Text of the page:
The US House of Representatives earlier this month unanimously passed the Taiwan Travel Act, which stipulates that the US government should encourage US-Taiwan visits at all levels. It is no surprise that Beijing is not happy about this development, but for the act to become law, it needs to be passed by the US Senate and then signed by US President Donald Trump.
The Senate’s version of act was proposed in May last year. The National Defense Authorization Act for fiscal year 2018 signed by Trump suggested naval port of call exchanges between the US and Taiwan, leading the Chinese ambassador to the US to warn: If a US warship arrives in Taiwan, China will activate its “Anti-Secession” Law.
As China becomes increasingly powerful, it is reacting to US shows of friendliness toward Taiwan, politically and militarily. However, going from this to suggesting there is in any way a “normalization” of Taiwan-US relations is going too far.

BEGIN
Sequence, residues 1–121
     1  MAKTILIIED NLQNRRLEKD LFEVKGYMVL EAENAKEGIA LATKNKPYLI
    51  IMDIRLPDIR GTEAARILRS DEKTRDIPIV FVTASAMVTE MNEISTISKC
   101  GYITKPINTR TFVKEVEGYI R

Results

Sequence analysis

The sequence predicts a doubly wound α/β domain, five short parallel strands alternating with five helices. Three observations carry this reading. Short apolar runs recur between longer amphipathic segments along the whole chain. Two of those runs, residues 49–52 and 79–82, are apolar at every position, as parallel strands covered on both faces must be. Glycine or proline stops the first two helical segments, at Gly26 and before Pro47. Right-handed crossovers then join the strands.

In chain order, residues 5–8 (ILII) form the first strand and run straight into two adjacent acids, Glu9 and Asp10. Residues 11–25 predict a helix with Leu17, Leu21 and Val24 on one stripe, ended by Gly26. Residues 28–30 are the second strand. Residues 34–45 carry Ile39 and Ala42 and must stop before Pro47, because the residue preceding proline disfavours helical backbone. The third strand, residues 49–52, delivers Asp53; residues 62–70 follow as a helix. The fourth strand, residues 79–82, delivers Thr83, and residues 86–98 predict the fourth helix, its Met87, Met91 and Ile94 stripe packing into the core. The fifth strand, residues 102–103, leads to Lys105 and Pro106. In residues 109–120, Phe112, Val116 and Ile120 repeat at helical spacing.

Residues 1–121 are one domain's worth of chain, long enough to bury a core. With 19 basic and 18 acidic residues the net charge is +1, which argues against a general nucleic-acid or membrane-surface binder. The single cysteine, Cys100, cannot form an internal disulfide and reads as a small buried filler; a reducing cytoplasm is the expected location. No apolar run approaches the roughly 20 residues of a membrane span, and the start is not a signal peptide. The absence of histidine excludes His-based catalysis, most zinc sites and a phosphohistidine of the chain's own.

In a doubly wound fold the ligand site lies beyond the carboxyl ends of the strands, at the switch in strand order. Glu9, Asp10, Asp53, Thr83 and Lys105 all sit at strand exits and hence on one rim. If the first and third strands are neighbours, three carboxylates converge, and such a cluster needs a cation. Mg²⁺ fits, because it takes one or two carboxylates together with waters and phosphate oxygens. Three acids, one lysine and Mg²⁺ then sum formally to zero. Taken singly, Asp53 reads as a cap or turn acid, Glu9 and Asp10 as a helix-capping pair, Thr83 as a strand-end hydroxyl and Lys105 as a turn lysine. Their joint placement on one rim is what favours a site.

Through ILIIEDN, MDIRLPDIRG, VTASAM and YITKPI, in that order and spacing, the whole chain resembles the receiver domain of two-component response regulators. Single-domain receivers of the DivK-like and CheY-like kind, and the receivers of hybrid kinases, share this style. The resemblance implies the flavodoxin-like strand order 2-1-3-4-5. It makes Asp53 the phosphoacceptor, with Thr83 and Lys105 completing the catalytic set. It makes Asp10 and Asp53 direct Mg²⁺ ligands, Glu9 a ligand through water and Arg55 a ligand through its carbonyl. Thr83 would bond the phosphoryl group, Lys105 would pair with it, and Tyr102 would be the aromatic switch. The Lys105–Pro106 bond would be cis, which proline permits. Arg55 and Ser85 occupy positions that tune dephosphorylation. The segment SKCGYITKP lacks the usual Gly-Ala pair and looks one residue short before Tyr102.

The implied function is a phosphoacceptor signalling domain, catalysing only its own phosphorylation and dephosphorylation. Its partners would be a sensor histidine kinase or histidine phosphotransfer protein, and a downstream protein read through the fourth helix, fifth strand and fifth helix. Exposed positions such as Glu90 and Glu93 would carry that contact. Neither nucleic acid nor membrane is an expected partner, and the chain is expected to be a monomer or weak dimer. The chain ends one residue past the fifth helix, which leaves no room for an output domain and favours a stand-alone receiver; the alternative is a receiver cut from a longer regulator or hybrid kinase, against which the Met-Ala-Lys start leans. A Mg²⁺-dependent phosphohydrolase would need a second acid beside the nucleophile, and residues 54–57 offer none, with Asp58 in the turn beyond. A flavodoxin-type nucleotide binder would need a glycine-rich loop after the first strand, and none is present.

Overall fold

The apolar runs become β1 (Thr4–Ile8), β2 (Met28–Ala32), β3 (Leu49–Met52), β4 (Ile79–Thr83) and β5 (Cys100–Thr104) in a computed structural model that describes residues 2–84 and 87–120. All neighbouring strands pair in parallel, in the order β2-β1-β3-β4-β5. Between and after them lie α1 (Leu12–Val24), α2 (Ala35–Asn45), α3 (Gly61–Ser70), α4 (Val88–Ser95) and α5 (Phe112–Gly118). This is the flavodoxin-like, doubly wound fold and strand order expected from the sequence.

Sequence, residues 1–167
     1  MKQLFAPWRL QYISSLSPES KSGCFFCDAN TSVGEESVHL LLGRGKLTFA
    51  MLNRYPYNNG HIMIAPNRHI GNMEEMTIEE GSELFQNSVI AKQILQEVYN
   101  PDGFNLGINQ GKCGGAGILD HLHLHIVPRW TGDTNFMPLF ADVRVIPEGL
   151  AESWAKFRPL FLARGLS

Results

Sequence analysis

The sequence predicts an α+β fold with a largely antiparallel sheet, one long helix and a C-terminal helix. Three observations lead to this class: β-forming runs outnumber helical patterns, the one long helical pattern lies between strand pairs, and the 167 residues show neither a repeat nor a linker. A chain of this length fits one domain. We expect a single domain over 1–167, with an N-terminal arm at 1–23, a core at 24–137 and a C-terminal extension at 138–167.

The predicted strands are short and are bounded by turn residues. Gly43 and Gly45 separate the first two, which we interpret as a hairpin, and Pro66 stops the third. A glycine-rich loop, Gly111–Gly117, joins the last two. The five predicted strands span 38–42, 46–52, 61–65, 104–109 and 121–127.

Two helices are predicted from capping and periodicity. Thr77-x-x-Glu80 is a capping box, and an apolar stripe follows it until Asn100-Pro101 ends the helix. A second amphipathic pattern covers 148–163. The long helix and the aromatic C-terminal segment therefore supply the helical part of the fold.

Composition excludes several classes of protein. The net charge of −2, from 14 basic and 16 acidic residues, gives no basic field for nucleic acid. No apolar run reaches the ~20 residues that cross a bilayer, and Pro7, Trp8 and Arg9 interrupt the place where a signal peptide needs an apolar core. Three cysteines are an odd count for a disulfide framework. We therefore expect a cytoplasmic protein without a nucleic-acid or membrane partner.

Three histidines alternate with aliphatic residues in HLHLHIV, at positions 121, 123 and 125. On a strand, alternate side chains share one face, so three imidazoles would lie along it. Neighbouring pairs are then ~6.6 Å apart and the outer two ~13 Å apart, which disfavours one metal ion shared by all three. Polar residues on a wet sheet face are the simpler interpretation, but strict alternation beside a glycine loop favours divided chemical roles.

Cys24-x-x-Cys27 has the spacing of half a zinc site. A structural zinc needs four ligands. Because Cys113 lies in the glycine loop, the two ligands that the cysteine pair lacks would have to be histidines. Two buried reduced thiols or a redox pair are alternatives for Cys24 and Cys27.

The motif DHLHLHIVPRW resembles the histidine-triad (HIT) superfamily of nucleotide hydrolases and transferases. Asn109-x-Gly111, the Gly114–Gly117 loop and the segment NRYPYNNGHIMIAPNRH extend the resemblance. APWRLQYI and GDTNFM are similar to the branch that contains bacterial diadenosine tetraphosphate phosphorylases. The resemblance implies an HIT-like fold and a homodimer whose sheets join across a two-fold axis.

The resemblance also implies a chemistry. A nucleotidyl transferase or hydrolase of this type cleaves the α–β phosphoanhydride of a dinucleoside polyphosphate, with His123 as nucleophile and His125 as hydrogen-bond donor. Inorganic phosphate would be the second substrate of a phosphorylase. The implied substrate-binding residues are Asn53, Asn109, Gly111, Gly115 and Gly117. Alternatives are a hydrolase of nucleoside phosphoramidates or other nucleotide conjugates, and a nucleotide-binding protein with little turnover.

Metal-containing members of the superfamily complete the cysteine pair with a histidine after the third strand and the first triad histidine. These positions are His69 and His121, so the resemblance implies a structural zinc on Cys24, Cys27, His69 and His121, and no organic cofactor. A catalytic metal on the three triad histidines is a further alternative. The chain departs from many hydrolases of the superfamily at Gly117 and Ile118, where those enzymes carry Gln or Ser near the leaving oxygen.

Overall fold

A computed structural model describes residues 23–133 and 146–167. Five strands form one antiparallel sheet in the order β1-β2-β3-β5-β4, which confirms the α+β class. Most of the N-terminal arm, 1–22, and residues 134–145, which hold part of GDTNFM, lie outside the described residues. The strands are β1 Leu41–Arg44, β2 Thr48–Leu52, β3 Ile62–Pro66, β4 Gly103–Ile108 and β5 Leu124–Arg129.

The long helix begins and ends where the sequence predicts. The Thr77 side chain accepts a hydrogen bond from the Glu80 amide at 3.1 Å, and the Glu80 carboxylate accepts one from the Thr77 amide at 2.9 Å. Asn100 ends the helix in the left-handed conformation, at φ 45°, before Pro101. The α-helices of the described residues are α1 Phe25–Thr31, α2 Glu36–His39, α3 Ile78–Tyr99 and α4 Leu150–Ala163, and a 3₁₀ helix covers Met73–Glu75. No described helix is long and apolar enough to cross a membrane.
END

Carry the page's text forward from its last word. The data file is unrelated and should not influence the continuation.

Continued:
Having evolved from a one-party state to “one-man rule,” Chinese President Xi Jinping’s (習近平) threat to Taiwan has also become even more serious. Xi has carried out a sustained campaign to remove his political enemies, such as the life imprisonment of disgraced official Bo Xilai (薄熙來), whose father, Bo Yibo (薄一波), was executed by former Chinese president Hu Jintao (胡錦濤) and former Chinese premier Wen Jiabao (溫家寶); Sun Zhengcai (孫政才), who was once tipped to become a member of the party’s top leadership, being stripped of Chinese Communist Party membership and removed from office; and the arrest of Wen Yunsong (溫雲松), Wen Jiabao’s son.
It is apparent that the joint leadership and fixed-term appointment system from the eras of former Chinese leaders Deng Xiaoping (鄧小平), Jiang Zemin (江澤民) and Hu has become an empty shell, and a new dictatorship has emerged.
New authority, new state strength and new science and technology have pushed China’s levels of state violence to a new historic high. Democracy activist, dissident and Nobel Peace Prize laureate Liu Xiaobo (劉曉波) died in custody and his wife, Liu Xia (劉霞), has yet to be freed.
The special message that Xi sends to Western nations is that China has its own specific situation and will not accept the “universal values” espoused by the Western world. Will China become the modern version of the “yellow peril?”